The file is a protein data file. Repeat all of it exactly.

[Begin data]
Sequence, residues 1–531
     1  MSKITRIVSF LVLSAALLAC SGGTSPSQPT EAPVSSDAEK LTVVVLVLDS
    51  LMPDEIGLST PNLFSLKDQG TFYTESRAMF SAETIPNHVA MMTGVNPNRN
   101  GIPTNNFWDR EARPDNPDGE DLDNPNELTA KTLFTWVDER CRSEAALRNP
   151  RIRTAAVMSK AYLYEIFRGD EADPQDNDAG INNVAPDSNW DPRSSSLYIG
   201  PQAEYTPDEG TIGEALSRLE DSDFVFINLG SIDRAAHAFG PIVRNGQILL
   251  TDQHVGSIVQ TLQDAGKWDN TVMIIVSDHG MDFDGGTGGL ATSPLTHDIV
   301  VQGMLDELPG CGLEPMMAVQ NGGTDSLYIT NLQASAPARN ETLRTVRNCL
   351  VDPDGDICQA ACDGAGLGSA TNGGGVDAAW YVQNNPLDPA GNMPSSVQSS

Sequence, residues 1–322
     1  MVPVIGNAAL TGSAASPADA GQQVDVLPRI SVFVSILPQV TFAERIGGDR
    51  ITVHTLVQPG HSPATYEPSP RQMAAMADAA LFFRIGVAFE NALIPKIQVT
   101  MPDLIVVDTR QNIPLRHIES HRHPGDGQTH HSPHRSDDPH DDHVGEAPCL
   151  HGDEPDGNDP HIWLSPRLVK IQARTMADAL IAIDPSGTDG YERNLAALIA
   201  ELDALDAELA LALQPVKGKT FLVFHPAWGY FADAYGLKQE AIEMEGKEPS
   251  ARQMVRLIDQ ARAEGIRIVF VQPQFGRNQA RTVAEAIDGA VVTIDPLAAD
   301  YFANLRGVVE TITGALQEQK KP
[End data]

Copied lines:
Sequence, residues 1–531
     1  MSKITRIVSF LVLSAALLAC SGGTSPSQPT EAPVSSDAEK LTVVVLVLDS
    51  LMPDEIGLST PNLFSLKDQG TFYTESRAMF SAETIPNHVA MMTGVNPNRN
   101  GIPTNNFWDR EARPDNPDGE DLDNPNELTA KTLFTWVDER CRSEAALRNP
   151  RIRTAAVMSK AYLYEIFRGD EADPQDNDAG INNVAPDSNW DPRSSSLYIG
   201  PQAEYTPDEG TIGEALSRLE DSDFVFINLG SIDRAAHAFG PIVRNGQILL
   251  TDQHVGSIVQ TLQDAGKWDN TVMIIVSDHG MDFDGGTGGL ATSPLTHDIV
   301  VQGMLDELPG CGLEPMMAVQ NGGTDSLYIT NLQASAPARN ETLRTVRNCL
   351  VDPDGDICQA ACDGAGLGSA TNGGGVDAAW YVQNNPLDPA GNMPSSVQSS

Sequence, residues 1–322
     1  MVPVIGNAAL TGSAASPADA GQQVDVLPRI SVFVSILPQV TFAERIGGDR
    51  ITVHTLVQPG HSPATYEPSP RQMAAMADAA LFFRIGVAFE NALIPKIQVT
   101  MPDLIVVDTR QNIPLRHIES HRHPGDGQTH HSPHRSDDPH DDHVGEAPCL
   151  HGDEPDGNDP HIWLSPRLVK IQARTMADAL IAIDPSGTDG YERNLAALIA
   201  ELDALDAELA LALQPVKGKT FLVFHPAWGY FADAYGLKQE AIEMEGKEPS
   251  ARQMVRLIDQ ARAEGIRIVF VQPQFGRNQA RTVAEAIDGA VVTIDPLAAD
   301  YFANLRGVVE TITGALQEQK KP